Difficultly level: *Super easy
Specialty stores might have you thinking that infused oils are all mystical and complicated, but that couldn’t be further from the truth. Making infused oils yourself is super easy and a great DIY gift that you can share with your friends and family.
And when it comes to infused oils the possibilities are endless. Herb-infused oils are fantastic for drizzling over pasta, making a special salad dressing, or with chunks of delicious artisan bread. Infused oils have been used traditionally as medicines for all kinds of ailments.
Not only is there a huge variety of plants that you can infuse, but there is a big selection of the types of oils you can use. Olive oil is a great overall inexpensive oil to use whether used externally or for food. It is the one I most commonly use and is least likely to go rancid. Some good culinary oils also include macadamia, walnut, safflower, and sesame. Jojoba, almond, grapeseed, coconut oil are lovely for an oil that you will be using externally.
There are several ways to infuse oils, but my favorite is the old folk method which relies on the sun to naturally infuse the oil. Another way to do it is to gently heat the herbs and oil on a stove top. Let’s get started.
- A clean glass jar
- Dried or wilted plant material cut into small pieces. It is important that you wilt the herbs for at least 12 hours because the moisture in the plant will cause the oil to spoil. Get enough to fill about ¾ of the jar.
- Oil (I suggest olive for your first infusion)
- Fancy jars. That is optional if you want a fancy jar to put the finished oils in. I just use a mason jar most of the time!
- Wide mouth funnel (optional, but it will make getting the herbs into the jar much easier. A wide-mouth funnel is one of my most used kitchen items. You can pick it up at Canadian Tire).
1. Place plant material in a clean, dry jar.
2. Add enough oil to fully cover plant material leaving about 1 inch at the top, leaving at least ½ an inch of space at the top of the jar so the herbs have room to expand.
3. Let the materials infuse for a few hours. Check the jar to make sure that the plant material hasn’t absorbed all the oil. If it has, add some more oil so plant material is well covered.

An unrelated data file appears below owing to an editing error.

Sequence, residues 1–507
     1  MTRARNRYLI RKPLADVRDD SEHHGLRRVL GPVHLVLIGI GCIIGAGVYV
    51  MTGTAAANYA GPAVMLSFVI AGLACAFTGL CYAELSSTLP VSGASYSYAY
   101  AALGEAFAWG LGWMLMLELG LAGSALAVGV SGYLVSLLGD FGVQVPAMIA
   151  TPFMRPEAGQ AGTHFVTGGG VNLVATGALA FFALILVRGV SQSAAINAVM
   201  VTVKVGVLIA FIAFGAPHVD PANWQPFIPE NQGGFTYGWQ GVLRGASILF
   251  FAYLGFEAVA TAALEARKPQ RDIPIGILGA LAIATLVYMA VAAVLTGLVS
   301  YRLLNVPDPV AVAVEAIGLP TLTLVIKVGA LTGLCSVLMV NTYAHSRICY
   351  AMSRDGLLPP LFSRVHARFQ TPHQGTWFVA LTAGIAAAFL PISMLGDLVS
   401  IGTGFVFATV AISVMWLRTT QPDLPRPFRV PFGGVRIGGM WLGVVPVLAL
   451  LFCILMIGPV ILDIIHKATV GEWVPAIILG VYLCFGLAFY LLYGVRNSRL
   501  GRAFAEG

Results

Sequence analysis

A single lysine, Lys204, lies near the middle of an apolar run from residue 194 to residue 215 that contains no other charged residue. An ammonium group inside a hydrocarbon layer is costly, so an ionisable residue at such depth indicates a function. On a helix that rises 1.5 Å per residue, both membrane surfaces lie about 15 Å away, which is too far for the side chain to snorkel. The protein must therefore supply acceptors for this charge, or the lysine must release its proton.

4. Cover the jar with a clean piece of cotton cloth or unbleached coffee filter and secure with a rubber band. Don’t put the lid on as sometimes the herbs release gases (you might see some tiny bubbles).
5. Let the oil infuse on a sunny windowsill for 4-6 weeks (I know it is a long time to wait, but it is worth it, trust me!). You can leave the oil infusing until you are ready to use it (I’ve forgotten about some oils for a year or more). But if you are going to do this, after your 6-8 weeks have passed, move the jar to a dry place out of direct light.
6. Strain the herbs out and toss ‘em into the compost. Pour the oil into glass bottles and store in a cool, dry, dark place. The oil should keep for at least a year.
I’ve mentioned each herb separately, but feel free to combine and experiment!
Cayenne peppers – For cooking, but you can also use it for pain, muscle aches, and arthritis.
Basil – Why, pesto of course! But can be used in a number of recipes.
Oregano –Spaghetti sauce anyone?
Rosemary – Toss some of this oil with potatoes and roast. Yum! Also works nice as a hair treatment.
Lemon Balm – Very soothing for the skin and smells lovely.
Peppermint – Makes wonderful massage oil for sore muscles. It is a great way to use some of that mint taking over your garden.
Calendula – Great for dry, damaged skin and sunburn.
Lavender – Another great one for sunburn and smells fantastic.
Plantain – This plant was covered in the blog post Wild Weeds 1. It is certainly abundant. It soothes damaged skin, blisters, insect bites, and rashes.
Sweet fern – An aromatic plant of the boreal that I can’t get enough of.
St. John’s Wort – Great for burns and for healing cuts.
Lilac oil – It is divine. I made some this spring using wilted lilacs and several infusions (meaning I strained the olive oil out, and then added a new batch of wilted lilacs). I am going to make this one every year.
Calendula, St. John’s Wort, and Plantain – I couldn’t help but put my favourite combination in this list. This is one I always have on stock to treat burns of various kinds.
Check out more combinations.
Give this a shot and if you have questions don’t be shy and post them in the comments section below. We would also love to hear about your favorite herb combinations and recipe variations.